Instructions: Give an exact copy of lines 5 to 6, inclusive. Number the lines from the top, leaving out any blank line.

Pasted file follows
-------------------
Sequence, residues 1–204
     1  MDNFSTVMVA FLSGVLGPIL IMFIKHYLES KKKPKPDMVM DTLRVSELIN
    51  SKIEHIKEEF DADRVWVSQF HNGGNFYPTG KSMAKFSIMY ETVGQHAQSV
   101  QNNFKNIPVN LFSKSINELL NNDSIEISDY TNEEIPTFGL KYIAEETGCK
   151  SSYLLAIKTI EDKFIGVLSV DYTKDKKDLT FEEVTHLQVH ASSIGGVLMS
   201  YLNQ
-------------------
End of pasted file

   151  SSYLLAIKTI EDKFIGVLSV DYTKDKKDLT FEEVTHLQVH ASSIGGVLMS
   201  YLNQ